In November 2019, Doug Wasko holds great-grandson Asa, flanked by grandson Sam and son Jim. (Courtesy Jim Wasko)
In November 2019, Doug Wasko holds great-grandson Asa, flanked by grandson Sam and son Jim. (Courtesy Jim Wasko)

SUBLIMITY — You never know where you’ll find a hero. Living simply and happily in a mobile home park here is one of the greats of Oregon Catholic education.

Doug Wasko, 79, taught, coached and administered at three Catholic high schools in western Oregon between 1971 and 2001. He left an enduring vision of Catholic schools as centers of spiritual discernment, encounter with the Lord and love of neighbor.

“Doug Wasko has been a brilliant teacher, thoughtful retreat leader, profound marriage adviser, and skilled school administrator. But above all else, he has been a devoted minister,” said Mike Hughes, a student at Jesuit High School in the 1970s when Wasko taught there. Hughes would later become a colleague as a Jesuit High theology teacher and then athletic director, observing Wasko’s later career at Regis High School.

“The kingdom of God has been at the center of his life work,” Hughes said. “Doug’s focus has always been on forming a more just, loving, welcoming and spiritual community. He cares for the person in front of him, always sharing great love, guidance and wisdom. He didn’t just teach theology, he taught students. He didn’t just talk about love and respect, he gave love and respect.”

He grew up fast

Wasko was born in Oakland, California, during World War II, one of six children of a devout Catholic shipyard welder. His mother and older brother suffered from asthma and so the family moved to the drier climes of southern Idaho when young Doug was 3. His father bought a shop in the small town of Buhl and the growing Catholic family lived in a two-bedroom house next door, along the old Oregon Trail.

“There were 30 churches and 2,000 people,” said Wasko.

The only time the children missed Mass at Immaculate Conception in Buhl was if they were deathly ill. If Doug were out hunting for a weekend with his father, they hiked to Sunday Mass and then back to continue the hunt. The Wasko children prayed a mandatory rosary each evening.

In 1958, when Doug was in high school, his mother died of cancer. Bereft, he opened himself even more to Catholic life.

“So often we think faith is rooted in the times when things go well, but so many times it is rooted in when things don’t go well,” Wasko said.

He had to grow up fast, helping care for younger siblings.

Wasko attended the University of Utah, where he lived in the Newman Center for a time. He studied hard and played both football and baseball, a rare feat in collegiate athletics. An outfielder and catcher, he set school records for baseball and in 1964 was recruited to play on a farm club for the Kansas City Athletics. His pay for the season was $500 and a plane ticket.

Around that time, he and wife Sherry wed and had their first child.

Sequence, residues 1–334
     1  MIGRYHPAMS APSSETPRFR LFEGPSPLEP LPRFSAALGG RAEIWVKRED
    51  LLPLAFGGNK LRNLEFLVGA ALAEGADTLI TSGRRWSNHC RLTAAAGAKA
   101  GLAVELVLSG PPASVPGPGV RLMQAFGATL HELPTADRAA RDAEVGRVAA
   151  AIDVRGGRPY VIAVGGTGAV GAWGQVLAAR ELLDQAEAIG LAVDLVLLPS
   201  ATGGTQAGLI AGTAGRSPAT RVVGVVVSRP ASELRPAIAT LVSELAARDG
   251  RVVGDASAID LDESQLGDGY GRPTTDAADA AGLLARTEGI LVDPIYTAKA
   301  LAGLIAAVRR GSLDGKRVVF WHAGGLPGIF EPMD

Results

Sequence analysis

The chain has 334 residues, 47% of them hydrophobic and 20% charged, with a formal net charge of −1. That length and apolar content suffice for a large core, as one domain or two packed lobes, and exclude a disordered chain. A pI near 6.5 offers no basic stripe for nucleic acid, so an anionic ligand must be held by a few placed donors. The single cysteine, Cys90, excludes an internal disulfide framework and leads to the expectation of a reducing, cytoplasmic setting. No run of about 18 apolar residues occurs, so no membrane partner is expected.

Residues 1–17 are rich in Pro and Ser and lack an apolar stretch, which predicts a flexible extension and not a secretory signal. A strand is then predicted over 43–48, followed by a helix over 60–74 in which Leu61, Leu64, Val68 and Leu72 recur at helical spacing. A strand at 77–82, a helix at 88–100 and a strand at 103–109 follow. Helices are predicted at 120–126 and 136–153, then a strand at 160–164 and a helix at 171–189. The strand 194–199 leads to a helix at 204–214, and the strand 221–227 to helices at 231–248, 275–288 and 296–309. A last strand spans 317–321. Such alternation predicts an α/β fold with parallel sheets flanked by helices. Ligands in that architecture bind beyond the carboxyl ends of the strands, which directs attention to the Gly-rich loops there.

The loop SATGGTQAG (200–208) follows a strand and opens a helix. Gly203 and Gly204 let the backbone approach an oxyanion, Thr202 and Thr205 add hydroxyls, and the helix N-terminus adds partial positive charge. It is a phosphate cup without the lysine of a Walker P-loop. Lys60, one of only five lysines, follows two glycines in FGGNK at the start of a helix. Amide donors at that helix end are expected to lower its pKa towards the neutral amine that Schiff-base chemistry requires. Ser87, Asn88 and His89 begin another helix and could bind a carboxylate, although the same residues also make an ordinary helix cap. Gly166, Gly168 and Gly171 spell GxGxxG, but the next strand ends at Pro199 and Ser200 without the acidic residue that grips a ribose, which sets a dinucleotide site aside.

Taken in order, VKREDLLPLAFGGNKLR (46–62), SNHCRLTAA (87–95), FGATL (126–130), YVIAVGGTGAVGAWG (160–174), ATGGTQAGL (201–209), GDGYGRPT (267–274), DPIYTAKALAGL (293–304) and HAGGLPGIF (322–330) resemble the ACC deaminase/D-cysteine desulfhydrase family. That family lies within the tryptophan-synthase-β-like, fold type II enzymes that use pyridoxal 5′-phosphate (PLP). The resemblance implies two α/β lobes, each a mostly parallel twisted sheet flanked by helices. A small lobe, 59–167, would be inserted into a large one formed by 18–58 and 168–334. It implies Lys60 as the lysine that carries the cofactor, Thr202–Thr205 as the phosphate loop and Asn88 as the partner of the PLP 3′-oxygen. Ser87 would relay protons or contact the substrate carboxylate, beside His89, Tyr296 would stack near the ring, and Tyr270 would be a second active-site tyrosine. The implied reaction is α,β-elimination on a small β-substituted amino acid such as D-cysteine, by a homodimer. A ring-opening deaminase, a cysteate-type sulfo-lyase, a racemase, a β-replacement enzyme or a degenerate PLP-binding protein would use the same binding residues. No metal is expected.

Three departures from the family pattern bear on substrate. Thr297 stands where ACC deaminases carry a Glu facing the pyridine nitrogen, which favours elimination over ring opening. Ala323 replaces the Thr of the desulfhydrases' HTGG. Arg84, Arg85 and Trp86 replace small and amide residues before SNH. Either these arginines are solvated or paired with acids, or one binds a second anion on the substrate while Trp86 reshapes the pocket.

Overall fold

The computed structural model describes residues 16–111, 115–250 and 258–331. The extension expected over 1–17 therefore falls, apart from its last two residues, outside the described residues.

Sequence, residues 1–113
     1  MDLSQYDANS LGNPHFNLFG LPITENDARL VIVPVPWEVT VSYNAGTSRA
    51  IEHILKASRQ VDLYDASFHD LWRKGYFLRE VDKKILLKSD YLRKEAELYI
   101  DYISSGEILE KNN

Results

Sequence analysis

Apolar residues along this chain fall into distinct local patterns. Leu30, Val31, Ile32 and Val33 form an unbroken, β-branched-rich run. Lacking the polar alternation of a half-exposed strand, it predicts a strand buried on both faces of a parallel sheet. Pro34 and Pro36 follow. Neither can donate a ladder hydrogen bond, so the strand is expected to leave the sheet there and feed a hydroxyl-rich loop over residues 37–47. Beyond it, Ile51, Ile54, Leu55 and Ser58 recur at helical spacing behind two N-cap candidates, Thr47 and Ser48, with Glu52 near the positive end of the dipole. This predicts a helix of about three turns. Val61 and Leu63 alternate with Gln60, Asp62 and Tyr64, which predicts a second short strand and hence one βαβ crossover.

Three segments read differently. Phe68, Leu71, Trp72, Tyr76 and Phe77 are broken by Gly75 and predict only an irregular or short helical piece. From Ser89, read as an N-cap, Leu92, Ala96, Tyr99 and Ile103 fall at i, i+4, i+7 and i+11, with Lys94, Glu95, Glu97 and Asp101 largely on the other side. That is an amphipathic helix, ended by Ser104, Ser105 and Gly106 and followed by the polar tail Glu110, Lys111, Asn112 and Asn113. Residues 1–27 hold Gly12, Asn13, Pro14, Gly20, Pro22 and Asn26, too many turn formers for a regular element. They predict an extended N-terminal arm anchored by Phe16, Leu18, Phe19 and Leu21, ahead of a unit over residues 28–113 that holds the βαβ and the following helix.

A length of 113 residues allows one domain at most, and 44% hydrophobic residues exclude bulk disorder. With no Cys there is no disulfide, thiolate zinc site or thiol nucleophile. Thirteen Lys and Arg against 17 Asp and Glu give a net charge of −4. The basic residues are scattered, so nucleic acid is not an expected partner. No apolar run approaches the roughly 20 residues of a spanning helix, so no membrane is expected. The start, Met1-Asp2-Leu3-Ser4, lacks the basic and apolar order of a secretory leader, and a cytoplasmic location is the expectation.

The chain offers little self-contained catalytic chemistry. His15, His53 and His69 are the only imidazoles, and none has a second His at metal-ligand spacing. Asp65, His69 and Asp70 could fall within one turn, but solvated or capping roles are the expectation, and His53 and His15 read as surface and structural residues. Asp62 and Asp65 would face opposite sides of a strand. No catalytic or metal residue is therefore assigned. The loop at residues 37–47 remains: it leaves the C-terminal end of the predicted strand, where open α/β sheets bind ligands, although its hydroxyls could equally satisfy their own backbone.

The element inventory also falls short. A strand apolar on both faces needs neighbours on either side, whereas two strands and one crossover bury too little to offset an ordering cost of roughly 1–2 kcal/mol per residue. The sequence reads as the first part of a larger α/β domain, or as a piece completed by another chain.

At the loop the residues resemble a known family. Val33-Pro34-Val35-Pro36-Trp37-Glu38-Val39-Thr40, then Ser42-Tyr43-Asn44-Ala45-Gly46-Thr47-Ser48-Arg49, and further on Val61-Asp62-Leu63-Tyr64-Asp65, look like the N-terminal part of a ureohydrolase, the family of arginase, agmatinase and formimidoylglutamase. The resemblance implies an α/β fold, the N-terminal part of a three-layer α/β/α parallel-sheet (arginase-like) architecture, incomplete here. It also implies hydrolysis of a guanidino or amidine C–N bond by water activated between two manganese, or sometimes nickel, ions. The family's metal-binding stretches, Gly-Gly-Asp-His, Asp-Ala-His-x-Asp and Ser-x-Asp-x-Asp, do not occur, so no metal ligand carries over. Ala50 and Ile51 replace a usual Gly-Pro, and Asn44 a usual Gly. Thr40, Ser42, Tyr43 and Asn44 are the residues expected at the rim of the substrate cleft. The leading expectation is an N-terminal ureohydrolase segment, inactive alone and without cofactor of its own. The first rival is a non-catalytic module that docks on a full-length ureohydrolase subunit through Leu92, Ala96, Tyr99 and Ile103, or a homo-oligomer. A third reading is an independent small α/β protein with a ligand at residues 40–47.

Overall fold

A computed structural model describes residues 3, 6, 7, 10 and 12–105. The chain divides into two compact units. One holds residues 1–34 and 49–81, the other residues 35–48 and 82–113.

Wasko played in Virginia and Florida; then it became clear he should focus on family life instead of hoping for the major leagues. He returned to Salt Lake and got a job loading trains.

Becomes an educator

The rector of the Cathedral of The Madeleine took note and asked him to coach the school football team. The squad excelled and then the rector asked him to teach reading, math, science, physical education — and religion. His career trajectory was set at age 22, just as the Second Vatican Council revived the sense of the laity’s mission to the world.

His father helped him spruce up his religion knowledge in sessions the men called “stump the jock.” Wasko recalls guiding second graders to prepare for first confession — and comforting nervous youngsters after urinary mishaps in the confessional.

Needing more income to support his family, he accepted an offer to teach and coach at a public school in Warrenton, Oregon. The windy, cool, log-littered north Oregon coast came as a shock. But he learned to love the Northwest. A few years later, he took a job at Milwaukie High School, close to St. John the Baptist Parish, where the Wasko kids attended school. Wasko recalls Father Lawrence Saalfeld, pastor, saying of the students, “These are our children and we will take care of them.” That notion would stick with Wasko through his career.

In 1971, the Christian Brothers at nearby La Salle High School heard about Wasko and recruited him to become athletic director, founding football coach and physical education teacher. The brothers advised him “never to smile before Christmas,” meaning it’s good to be tough with students at the start and lighten up later if it seems right. He threw himself into the work, and soon realized he was neglecting time with his family.

Marriage mentors

In 1972, he and Sherry attended a Marriage Encounter weekend.

“It was a major transformation for me,” Wasko said of the Catholic group, which seeks to enhance marriages via spiritual life, communication and sharing. “I envisioned our love growing, and it did.” One of the couple’s daughters would say that through Marriage Encounter “we got our father back.”